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Saturday, July 26, 2008

Granato to be new Wolves coach

Don Granato is rumored to be the next Head Coach of the Chicago Wolves. Granato won the Louis A R Pieri Memorial Award in 2001 while at the helm of the Worcester IceCats. He has generally been associated with the St. Louis Blues organization. Granato was at the helm of the IceCats in 2005 when he was diagnosed with Hodgkins Lymphoma, a form of cancer that spreads in the lymph nodes.

The cancer was defeated with chemotherapy at Loyola University Medical Center and a second round as part of a trial called Stanford V. Granato told the Peoria Journal Star’s David Eminian “Chemo is hard. I was sick to my stomach every moment, every day, couldn’t look at food.”

“I thought I was going to die,” Granato told the Journal Star.

Granato says he was cheered when “he looked at his Peoria championship ring, and (read) the single word Granato and the team chose to have engraved on its side panel: ‘Relentless,’” Eminian wrote.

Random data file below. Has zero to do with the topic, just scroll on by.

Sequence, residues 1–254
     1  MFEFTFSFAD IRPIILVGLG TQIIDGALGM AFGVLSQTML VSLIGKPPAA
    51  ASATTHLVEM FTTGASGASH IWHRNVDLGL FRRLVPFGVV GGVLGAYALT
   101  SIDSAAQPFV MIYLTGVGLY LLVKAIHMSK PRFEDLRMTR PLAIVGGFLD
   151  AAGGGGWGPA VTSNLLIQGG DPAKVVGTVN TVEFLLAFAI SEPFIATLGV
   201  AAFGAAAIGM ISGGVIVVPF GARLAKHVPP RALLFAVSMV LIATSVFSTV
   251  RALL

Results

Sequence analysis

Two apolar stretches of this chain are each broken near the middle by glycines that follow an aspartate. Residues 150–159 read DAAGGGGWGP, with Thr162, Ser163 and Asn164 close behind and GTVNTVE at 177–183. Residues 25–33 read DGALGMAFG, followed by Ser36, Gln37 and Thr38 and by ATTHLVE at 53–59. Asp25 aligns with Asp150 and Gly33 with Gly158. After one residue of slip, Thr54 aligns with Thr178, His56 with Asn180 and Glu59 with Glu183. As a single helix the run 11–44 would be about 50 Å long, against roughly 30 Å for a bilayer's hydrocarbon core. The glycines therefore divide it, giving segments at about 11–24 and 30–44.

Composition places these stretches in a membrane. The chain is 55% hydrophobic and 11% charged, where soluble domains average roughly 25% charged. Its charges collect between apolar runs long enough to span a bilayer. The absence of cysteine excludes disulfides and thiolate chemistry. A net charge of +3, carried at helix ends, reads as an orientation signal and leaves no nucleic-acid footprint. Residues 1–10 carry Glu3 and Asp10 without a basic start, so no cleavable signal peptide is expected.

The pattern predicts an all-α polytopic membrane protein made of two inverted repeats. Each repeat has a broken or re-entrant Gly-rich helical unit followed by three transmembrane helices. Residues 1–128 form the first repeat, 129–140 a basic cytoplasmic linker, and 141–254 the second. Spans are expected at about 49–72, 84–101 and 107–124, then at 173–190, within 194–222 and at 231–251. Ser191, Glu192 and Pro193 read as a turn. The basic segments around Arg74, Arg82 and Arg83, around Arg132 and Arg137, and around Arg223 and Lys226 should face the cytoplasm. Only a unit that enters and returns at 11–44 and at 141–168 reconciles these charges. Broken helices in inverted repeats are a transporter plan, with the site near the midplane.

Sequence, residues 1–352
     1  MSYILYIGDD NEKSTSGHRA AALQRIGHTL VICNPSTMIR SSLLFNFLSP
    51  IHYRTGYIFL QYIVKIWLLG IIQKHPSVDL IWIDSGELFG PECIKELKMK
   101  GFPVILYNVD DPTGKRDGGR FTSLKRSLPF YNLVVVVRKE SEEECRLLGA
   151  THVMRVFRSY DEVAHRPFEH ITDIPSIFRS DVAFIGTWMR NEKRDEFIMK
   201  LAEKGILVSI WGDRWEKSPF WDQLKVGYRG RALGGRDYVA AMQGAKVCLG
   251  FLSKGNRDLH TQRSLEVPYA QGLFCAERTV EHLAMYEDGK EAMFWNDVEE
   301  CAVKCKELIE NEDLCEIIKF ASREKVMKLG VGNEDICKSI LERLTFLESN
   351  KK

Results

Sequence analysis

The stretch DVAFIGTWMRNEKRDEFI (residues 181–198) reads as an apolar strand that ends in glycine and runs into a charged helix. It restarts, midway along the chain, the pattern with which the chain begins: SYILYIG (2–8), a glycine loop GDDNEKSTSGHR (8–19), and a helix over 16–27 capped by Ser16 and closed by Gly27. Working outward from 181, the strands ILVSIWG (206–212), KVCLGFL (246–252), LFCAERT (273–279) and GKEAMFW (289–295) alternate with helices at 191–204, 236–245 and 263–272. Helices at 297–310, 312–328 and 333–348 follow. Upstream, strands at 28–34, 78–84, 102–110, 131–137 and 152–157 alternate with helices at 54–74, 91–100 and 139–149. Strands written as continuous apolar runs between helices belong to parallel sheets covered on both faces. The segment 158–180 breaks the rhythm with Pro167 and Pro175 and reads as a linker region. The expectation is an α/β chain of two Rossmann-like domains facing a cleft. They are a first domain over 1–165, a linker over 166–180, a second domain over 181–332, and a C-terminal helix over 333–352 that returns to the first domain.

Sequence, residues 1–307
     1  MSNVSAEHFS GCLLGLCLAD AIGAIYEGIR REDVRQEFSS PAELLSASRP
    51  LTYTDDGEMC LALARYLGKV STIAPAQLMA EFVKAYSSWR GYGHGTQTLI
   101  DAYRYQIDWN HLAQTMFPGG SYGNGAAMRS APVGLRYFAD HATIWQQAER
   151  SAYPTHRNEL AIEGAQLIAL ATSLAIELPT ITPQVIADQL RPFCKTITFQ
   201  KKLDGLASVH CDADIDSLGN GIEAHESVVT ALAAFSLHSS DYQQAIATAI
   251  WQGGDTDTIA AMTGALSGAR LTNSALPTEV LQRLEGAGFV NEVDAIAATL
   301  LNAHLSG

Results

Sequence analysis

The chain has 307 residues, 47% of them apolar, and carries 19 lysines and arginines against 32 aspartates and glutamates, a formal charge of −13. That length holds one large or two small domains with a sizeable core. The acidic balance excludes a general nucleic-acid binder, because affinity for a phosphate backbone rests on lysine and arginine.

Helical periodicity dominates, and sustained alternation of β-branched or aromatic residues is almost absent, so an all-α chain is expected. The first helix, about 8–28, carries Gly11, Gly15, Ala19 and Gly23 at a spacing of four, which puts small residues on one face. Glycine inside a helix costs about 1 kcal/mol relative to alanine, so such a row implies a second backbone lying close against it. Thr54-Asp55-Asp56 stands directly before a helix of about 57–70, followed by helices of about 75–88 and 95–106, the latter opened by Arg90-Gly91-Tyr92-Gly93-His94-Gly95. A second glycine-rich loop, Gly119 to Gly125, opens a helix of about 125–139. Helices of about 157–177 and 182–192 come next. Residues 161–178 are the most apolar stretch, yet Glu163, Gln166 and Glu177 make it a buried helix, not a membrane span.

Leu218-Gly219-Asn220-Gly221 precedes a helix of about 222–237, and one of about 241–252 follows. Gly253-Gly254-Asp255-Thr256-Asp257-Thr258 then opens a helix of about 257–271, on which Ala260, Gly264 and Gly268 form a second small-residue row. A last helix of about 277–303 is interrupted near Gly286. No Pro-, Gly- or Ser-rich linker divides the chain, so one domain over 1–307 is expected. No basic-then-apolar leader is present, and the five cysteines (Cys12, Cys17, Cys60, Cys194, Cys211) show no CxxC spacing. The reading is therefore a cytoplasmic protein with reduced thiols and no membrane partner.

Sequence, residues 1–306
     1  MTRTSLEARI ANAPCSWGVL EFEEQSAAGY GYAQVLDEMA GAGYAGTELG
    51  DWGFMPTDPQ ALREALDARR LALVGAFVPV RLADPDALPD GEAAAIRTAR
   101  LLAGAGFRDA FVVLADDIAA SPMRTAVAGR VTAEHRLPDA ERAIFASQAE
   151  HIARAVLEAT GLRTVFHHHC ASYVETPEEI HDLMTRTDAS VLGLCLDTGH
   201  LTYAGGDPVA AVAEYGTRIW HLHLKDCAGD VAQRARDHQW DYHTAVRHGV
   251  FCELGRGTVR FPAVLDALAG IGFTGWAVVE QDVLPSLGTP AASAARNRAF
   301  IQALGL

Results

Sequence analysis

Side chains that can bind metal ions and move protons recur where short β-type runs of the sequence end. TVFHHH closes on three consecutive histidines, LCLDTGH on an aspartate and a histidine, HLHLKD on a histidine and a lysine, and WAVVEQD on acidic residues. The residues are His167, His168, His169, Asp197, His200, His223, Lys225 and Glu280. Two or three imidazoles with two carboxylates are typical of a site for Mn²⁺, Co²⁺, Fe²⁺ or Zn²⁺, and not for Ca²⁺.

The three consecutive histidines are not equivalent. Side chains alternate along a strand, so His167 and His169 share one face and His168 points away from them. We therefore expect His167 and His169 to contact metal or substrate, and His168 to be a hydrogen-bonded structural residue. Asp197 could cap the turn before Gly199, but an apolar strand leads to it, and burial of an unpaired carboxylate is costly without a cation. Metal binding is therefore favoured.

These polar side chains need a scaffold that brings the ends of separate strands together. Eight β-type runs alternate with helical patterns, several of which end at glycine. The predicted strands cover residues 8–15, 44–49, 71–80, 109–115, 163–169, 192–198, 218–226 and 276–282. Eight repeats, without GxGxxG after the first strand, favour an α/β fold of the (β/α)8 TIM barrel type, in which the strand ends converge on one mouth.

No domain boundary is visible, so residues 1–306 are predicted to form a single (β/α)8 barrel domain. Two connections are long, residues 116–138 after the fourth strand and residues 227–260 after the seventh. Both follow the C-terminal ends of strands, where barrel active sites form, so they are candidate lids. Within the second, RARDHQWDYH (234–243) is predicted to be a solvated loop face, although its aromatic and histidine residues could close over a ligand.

“I looked at the ring and there was that word, and it’s what I needed,” Granato said. “When you are fighting for your own survival, you discover how much you have to live for.”

Granato led the Green Bay Gamblers to back-to-back national championships in the USHL in 1995 and 1996. He led the ECHL Peoria Rivermen to the Kelly Cup in 2000. St. Louis named him to be the first head coach of the AHL Peoria Rivermen, but removed him prior to the 2005-6 season, due to his illness. He was offered a scouting job with the organization instead.